Jennifer, a healthy 27-year-old teacher, suddenly developed muscle weakness and pain in her arms and legs.  Because she was finding it difficult to reach with her arms or get out of a chair, she became worried and went to see her doctor.  Blood tests showed an elevated CPK of 5670 and an EMG (electromyogram) and muscle biopsy confirmed a diagnosis of polymyositis.  Her doctor started her on high doses of corticosteroids, followed by intravenous immunoglobulin infusion therapy, and her muscle weakness gradually improved. Because she was improving, her corticosteroids were decreased and then stopped, leaving her with the current treatment regimen of Methotrexate and physical therapy to increase muscle strength and endurance.

Polymyositis is an autoimmune disease, which occurs when our immune system attacks our own muscles, causing generalized muscle weakness, especially in the shoulders, upper arms, thighs, and hips, due to inflammation of muscle tissue.  It is estimated that only five out of every million people each year are diagnosed with polymyositis, so it is considered relatively rare.  Although men, women, and children can develop polymyositis, it seems to target women between the ages of 30 to 60.  Dermatomyositis, another autoimmune disease, has all the symptoms of polymyositis and a characteristic skin rash around the eyes, knuckles and hands.

Usually, the first symptom experienced with polymyositis is muscle weakness, making it difficult to lift your arms, comb your hair, or get out of a chair.  Its onset can be either gradual or quite sudden, and symptoms may vary from person to person.  Frequently, people experience muscle and joint paint, fatigue, and fever.  However, occasionally, shortness of breath or an irregular heartbeat can occur if the lungs or heart become affected.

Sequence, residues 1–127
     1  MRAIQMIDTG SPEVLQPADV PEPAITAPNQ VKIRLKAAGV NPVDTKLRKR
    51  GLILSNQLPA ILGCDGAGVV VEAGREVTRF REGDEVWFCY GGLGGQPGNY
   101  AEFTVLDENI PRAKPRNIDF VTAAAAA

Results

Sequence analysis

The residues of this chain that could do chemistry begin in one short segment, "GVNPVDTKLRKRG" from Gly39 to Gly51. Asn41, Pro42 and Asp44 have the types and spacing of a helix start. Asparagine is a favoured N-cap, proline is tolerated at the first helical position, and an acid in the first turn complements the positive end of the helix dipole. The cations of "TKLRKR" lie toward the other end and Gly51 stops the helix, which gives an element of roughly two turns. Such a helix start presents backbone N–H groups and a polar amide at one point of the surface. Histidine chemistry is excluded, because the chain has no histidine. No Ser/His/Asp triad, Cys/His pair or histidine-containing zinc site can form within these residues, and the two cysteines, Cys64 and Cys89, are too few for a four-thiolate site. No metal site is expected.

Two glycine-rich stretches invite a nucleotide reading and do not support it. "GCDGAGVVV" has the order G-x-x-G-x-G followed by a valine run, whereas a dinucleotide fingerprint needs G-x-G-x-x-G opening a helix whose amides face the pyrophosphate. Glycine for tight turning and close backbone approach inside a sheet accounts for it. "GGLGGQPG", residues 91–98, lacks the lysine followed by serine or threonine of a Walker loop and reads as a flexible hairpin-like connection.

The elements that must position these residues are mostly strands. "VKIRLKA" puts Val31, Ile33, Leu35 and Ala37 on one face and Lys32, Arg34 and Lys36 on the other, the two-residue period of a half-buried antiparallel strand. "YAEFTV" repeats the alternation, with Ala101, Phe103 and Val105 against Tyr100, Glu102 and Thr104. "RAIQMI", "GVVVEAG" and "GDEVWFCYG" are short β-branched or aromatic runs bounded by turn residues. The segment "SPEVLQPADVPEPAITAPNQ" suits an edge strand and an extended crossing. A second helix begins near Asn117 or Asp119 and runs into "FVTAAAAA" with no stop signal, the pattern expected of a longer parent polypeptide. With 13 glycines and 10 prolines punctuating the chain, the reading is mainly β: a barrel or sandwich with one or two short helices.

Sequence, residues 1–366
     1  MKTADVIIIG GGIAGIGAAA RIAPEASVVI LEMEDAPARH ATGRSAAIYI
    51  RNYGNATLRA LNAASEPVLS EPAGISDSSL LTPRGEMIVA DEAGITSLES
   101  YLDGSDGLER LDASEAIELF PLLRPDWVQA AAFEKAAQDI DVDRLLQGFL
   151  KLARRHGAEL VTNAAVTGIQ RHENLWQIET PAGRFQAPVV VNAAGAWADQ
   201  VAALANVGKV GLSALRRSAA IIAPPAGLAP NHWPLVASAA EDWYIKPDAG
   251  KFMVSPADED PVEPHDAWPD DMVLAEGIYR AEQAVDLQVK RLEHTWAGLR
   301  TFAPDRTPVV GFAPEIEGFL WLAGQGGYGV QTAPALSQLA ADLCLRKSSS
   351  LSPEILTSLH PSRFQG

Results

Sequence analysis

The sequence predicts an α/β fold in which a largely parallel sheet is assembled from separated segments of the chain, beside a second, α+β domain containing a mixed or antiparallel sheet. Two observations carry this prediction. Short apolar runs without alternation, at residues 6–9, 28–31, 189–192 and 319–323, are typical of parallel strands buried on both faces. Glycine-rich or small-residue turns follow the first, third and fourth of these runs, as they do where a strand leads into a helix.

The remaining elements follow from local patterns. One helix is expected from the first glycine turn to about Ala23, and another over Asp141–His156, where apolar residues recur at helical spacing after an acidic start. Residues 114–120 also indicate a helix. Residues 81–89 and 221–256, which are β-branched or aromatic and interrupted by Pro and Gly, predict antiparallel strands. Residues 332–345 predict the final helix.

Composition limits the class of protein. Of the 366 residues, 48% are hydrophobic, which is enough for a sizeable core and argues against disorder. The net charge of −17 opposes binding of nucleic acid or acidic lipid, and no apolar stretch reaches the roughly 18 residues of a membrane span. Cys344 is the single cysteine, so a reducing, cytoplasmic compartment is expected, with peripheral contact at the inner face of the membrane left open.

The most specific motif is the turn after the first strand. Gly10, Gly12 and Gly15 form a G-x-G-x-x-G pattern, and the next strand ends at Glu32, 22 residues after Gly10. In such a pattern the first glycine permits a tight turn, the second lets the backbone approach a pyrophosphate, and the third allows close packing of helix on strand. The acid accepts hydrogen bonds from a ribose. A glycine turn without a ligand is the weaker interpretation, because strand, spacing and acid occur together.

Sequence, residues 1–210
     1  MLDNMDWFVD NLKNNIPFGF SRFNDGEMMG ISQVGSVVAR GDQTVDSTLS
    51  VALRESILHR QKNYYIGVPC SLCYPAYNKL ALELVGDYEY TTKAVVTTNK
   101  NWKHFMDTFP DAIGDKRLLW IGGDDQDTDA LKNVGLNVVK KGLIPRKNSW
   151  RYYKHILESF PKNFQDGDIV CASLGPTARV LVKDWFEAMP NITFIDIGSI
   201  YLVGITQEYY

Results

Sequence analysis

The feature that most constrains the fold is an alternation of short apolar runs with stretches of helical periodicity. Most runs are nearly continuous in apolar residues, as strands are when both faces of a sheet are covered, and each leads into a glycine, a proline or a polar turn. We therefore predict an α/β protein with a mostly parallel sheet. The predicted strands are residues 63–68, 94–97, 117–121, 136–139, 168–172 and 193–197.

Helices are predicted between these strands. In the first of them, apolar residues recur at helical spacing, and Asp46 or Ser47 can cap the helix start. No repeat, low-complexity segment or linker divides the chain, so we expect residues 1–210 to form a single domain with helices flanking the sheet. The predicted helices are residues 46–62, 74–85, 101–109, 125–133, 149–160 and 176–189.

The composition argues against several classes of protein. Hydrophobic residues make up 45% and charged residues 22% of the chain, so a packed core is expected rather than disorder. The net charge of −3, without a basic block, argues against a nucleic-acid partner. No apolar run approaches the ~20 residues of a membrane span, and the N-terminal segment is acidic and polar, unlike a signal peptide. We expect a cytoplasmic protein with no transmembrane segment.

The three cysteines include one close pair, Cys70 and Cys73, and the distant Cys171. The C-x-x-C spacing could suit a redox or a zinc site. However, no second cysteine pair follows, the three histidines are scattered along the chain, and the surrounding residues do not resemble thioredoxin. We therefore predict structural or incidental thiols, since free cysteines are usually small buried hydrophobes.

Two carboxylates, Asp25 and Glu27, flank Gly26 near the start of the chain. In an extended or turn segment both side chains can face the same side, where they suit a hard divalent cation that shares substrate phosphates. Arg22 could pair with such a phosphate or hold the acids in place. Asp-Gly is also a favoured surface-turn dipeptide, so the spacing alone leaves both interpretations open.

CPK, an enzyme found primarily in our muscles, leaks into the blood stream when muscles are damaged or inflamed, thus creating an elevated level of CPK.  In general, the greater the muscle damage, the higher the level of CPK, as in Jennifer’s case.  Distinguishing whether or not the weakness is due to nerve or muscle damage can be revealed via an EMG, which measures the electrical activity within a muscle by inserting needle-like electrodes into muscles to stimulate and record their activity.  Finally, a muscle biopsy to examine muscle inflammation and damage under a microscope may be ordered to confirm the diagnosis.

Necrotizing myopathy (also called necrotizing autoimmune myopathy or immune-mediated necrotizing myopathy is unique form of autoimmune myopathy.  Necrotizing myopathy has unique findings on their muscle biopsies revealing histologically less inflammation but increased muscle cell death (necrosis) which distinguishes them from those with other forms of myositis.  Anti-signal recognition particle (anti-SRP) and 3-hydroxy-3-methylglutary-coenzyme A reductase (anti-HMGCR) are the two most common autoantibodies.

Patients with necrotizing myopathy have muscle biopsies that show much less inflammation in muscle tissue than polymyositis patients, but they have increased evidence of muscle cell death (necrosis).

Fortunately, over the past 20 years, the outlook of polymyositis and dermatomyositis has improved significantly, thanks to corticosteroids, intravenous gamma globulin, azathioprine (Imuran) and Methotrexate treatment to decrease inflammation and restore muscle strength.  Recently, clinical trials are studying the effects of biologic agents such as rituximab (Rituxan) on both polymyositis and dermatomyositis.  Along with medical treatments, physical therapy including various exercise programs is also vital to restore muscle strength and flexibility.